NYTIP – enhancing the nyc subway, part 1: central park west

UPDATE (12.06.2020): Post substantially revised to clarify available options for the CPW de-interlining. Some images updated. New images added.

In my last post, I introduced the New York Transportation Improvement Plan (NYTIP). In that post, I outlined a three-point plan for fixing the NYC Subway:

  1. Enhance (minimize merging conflicts)
  2. Extend (extend existing lines)
  3. Expand (build new lines)

Regarding point 1 (enhance), I’ll begin with the Central Park West (CPW) trunk line, which serves the A, B, C, and D trains.

Note: Click any image to enlarge.

[Fig. 1] Snippet of the NYC Subway map featuring the CPW trunk line.

The CPW trunk line, as its name implies, runs along the west side of Central Park for most of its length. It serves the west side of Manhattan from 145th Street to 59th Street – Columbus Circle. Two 8th Avenue services from Inwood and Washington Heights (A express and C local) and two 6th Avenue services from The Bronx (B local and D express) serve the trunk. Under the current setup, the A and D run express, and the B and C run local. This setup induces merging conflicts for both local and express services at two points – south of 145th Street and south of 59th Street. Making matters worse, the A, B, C, and D don’t run at the same frequency, increasing the likelihood of delays.

[Figs. 2, 3] Existing merging conflicts on the CPW trunk line. The original track map belongs to vanshnookenraggen.

Now, de-interlining CPW isn’t novel. For example, Alon Levy’s de-interlining plan suggests an A/C express and B/D local, while a similar plan reverses this paradigm – A/C local, B/D express. The Regional Plan Association, in their Save our Subways publication, goes even further – RPA’s plan truncates the C to a Brooklyn shuttle to double A express service, while the B and D run via CPW local. There are pros and cons to each of these proposals, though NYTIP does not prescribe anything as drastic as RPA’s plan for CPW.

When I first published this post in early 2019, I recommended a simple swap of the C and D lines as the cheapest way to de-interline CPW. However, I gave more though to other options. I recall the M-V combo controversy from last decade – MTA originally called this route the V, but riders preferred the historic M designation, and so the latter stuck. If a C/D swap generates a similar controversy, then another alternative would be better.

Thankfully, it’s possible to de-interline CPW in a way that allows both Upper Manhattan and The Bronx to retain full-time express service, while minimizing potential rider confusion. There are two options that achieve this, so let’s explore.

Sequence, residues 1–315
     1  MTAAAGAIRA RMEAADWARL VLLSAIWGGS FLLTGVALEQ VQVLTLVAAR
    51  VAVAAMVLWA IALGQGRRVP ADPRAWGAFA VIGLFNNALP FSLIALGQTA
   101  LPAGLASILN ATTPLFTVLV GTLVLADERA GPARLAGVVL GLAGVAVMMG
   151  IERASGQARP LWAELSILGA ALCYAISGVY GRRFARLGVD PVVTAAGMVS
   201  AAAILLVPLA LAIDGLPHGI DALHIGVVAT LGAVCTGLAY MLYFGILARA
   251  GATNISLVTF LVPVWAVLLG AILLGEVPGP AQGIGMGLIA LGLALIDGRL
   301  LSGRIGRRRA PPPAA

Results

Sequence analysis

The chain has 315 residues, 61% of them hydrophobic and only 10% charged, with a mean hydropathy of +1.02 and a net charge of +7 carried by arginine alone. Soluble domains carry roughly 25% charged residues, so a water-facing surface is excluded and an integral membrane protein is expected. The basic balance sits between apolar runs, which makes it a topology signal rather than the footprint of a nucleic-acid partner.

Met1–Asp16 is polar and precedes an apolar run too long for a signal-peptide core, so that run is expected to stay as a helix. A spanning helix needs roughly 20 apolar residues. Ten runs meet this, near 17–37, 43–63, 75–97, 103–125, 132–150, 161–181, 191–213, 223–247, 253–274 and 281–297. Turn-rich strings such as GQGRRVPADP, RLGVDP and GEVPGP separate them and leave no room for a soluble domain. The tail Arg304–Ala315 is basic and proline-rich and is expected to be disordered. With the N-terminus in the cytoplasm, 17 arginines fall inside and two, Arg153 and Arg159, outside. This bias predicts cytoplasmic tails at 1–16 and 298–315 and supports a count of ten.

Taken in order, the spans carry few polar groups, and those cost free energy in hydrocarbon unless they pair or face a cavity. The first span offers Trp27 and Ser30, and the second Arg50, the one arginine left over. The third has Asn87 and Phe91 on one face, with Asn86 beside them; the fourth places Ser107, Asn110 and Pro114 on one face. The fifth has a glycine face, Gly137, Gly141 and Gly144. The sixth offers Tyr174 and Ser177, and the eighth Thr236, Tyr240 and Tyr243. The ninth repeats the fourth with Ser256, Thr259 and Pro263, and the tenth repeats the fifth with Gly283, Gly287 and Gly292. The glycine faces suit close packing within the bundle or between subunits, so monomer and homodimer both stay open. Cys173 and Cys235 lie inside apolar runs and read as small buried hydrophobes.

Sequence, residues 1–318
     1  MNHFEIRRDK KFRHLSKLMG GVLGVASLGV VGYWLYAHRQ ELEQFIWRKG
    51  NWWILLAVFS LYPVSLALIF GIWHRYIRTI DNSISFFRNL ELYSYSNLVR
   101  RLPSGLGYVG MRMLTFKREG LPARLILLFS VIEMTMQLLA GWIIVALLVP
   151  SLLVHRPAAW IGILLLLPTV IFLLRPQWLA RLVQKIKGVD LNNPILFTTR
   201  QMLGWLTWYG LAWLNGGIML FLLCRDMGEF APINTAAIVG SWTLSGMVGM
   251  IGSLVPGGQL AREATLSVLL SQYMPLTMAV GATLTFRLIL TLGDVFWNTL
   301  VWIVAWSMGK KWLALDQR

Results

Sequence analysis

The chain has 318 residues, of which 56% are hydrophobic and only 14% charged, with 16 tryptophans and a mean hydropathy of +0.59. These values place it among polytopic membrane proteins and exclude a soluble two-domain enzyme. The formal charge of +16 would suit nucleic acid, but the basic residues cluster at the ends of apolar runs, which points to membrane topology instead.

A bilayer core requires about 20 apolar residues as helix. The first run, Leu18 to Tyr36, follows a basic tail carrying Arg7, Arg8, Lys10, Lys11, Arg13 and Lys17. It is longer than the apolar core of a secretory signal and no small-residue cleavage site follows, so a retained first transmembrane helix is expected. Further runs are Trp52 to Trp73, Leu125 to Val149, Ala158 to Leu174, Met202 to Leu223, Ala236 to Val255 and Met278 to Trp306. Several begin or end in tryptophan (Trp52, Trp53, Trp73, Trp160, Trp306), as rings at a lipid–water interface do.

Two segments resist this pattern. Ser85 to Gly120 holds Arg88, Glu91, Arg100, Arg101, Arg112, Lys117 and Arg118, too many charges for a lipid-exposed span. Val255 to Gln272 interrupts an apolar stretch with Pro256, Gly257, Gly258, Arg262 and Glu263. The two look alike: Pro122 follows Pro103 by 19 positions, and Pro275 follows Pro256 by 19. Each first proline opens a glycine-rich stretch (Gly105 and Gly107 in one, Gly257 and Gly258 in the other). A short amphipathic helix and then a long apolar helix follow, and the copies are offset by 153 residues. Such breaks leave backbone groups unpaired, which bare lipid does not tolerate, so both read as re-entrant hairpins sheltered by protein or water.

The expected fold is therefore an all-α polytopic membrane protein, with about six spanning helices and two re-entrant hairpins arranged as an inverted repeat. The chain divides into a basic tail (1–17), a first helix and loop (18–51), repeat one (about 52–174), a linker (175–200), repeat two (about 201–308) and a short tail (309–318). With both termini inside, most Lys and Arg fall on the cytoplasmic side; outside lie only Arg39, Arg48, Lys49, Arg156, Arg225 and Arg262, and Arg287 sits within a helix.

Option 1: 8th Avenue service express, 6th Avenue service local

[Figs. 4, 5] Overview of Option 1, illustrated using Brand New Subway.

[Figs. 6, 7] Merging conflicts removed through Option 1.

Option 1 implements a modified version of the original operating pattern. Under Option 1, service is as follows:

  • A: CPW/8th Avenue express from Inwood – 207th Street
  • B: CPW/6th Avenue local from Washington Heights – 168th Street
  • C: CPW/8th Avenue express from Norwood – 205th Street
  • D: CPW/6th Avenue local from Bedford Park Boulevard

Let’s look at some implications.

C/D Service in The Bronx

Under Option 1, both C and D trains serve The Bronx all day, every day, to encourage ridership. The C runs with full-length (600-foot) trains as opposed to 480-foot trains, though it does not run overnight – the D replaces the C overnight. There is still some interlining between C and D trains since the Grand Concourse line is a three-track subway. However, when the C runs via Concourse express, it does not merge with the D. Speaking of the Concourse express…

Potential capital investment: Convert 161st Street – Yankee Stadium to an express stop with island platforms.

[Fig. 8] Overview of the 161st Street – Yankee Stadium lower level conversion.

While this conversion isn’t necessary to de-interline CPW, it would make the Concourse express service more attractive and improve service to The Bronx’s busiest subway station. 161st Street is a major transfer point between lines serving opposite sides of Manhattan.